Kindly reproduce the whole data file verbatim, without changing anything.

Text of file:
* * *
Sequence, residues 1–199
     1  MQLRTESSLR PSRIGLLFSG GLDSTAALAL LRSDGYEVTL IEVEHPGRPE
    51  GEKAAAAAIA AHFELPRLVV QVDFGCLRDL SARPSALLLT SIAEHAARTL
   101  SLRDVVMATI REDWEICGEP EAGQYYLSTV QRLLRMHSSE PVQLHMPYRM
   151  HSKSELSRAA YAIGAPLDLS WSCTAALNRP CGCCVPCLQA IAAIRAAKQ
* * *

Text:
Sequence, residues 1–199
     1  MQLRTESSLR PSRIGLLFSG GLDSTAALAL LRSDGYEVTL IEVEHPGRPE
    51  GEKAAAAAIA AHFELPRLVV QVDFGCLRDL SARPSALLLT SIAEHAARTL
   101  SLRDVVMATI REDWEICGEP EAGQYYLSTV QRLLRMHSSE PVQLHMPYRM
   151  HSKSELSRAA YAIGAPLDLS WSCTAALNRP CGCCVPCLQA IAAIRAAKQ